A Patient's Guide to Cryosurgery for Prostate Cancer

Cryosurgery is a medical procedure that uses intense cold to destroy cancerous cells. The technique, known also as cryotherapy or cryoablation, can treat men who have early-stage prostate cancer that is localized to the prostate. It is only effective in small regions, and therefore is not used to treat prostate cancer that has metastasized beyond the gland.

While the procedure is less invasive, has a shorter recovery time, and may have fewer side effects when compared to other cancer treatments, it is less established and its long-term outcomes are unknown. Still, cryosurgery is a viable option, especially for men who can't have radiation therapy or surgery due to their age or additional medical problems.

What is Cryosurgery?

Liquid nitrogen (or argon gas) is used to create extremely cold temperatures that can kill abnormal tissues. As the liquid gas flows through a hollow instrument—called a cryoprobe—ice crystals form around the probe.

When the probe makes contact with the tumor, the cancer cells are frozen and destroyed. In addition, connective tissue and small blood vessels around the tumor are damaged. This cuts off the blood supply that the tumor needs to continue growing.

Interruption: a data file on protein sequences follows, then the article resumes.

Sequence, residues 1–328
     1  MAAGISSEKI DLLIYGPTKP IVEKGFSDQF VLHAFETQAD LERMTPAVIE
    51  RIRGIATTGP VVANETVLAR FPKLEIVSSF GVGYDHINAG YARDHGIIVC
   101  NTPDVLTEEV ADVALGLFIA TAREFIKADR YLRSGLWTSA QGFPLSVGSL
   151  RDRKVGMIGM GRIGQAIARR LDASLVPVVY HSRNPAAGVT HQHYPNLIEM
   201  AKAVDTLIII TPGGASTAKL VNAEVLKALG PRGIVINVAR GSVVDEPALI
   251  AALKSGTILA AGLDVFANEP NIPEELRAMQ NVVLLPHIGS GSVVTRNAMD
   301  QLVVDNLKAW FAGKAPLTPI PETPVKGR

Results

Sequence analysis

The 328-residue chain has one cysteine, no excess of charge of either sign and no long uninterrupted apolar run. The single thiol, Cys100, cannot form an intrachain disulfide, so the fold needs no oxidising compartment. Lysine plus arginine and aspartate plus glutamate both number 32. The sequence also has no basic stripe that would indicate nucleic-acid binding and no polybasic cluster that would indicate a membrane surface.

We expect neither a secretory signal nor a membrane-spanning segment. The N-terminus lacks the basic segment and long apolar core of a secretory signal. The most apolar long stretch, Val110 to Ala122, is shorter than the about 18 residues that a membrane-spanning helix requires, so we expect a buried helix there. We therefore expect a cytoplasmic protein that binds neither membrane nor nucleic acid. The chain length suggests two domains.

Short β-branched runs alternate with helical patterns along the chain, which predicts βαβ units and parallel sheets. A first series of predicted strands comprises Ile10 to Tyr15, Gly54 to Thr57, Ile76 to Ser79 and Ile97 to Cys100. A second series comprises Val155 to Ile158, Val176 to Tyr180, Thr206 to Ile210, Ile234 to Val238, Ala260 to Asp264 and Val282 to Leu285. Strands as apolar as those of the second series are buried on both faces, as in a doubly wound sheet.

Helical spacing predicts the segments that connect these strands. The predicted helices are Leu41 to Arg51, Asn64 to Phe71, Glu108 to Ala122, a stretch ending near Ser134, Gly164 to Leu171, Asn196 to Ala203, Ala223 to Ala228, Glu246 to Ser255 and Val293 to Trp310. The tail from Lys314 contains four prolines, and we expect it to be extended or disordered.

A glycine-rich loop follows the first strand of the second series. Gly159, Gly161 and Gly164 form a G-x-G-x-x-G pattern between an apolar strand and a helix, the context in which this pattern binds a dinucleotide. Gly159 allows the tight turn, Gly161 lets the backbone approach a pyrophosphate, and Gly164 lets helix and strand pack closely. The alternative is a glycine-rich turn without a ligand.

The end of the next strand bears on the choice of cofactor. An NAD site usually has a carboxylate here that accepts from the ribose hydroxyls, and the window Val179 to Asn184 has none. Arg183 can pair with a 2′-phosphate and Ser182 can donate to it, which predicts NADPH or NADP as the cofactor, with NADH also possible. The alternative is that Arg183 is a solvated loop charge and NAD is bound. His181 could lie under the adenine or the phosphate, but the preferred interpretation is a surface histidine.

How is Cryosurgery for Prostate Cancer Performed?

Cryosurgery for prostate cancer is done under either general or spinal anesthesia. Before the procedure, an ultrasound probe is placed in the rectum to give the surgeon a visual of the prostate. This allows the doctor to monitor the prostate and nearby organs/tissues during surgery.

Several probes may be placed in the prostate at locations determined before the procedure. These are positioned to avoid the area of the urethra, the tube which passes through the prostate as it carries urine out of the body from the bladder.

In addition, a warming catheter is inserted into the urethra to keep the urethra warm throughout the procedure. Other probes may be placed in and around the prostate gland in order to monitor the temperature and prevent damage to noncancerous tissue.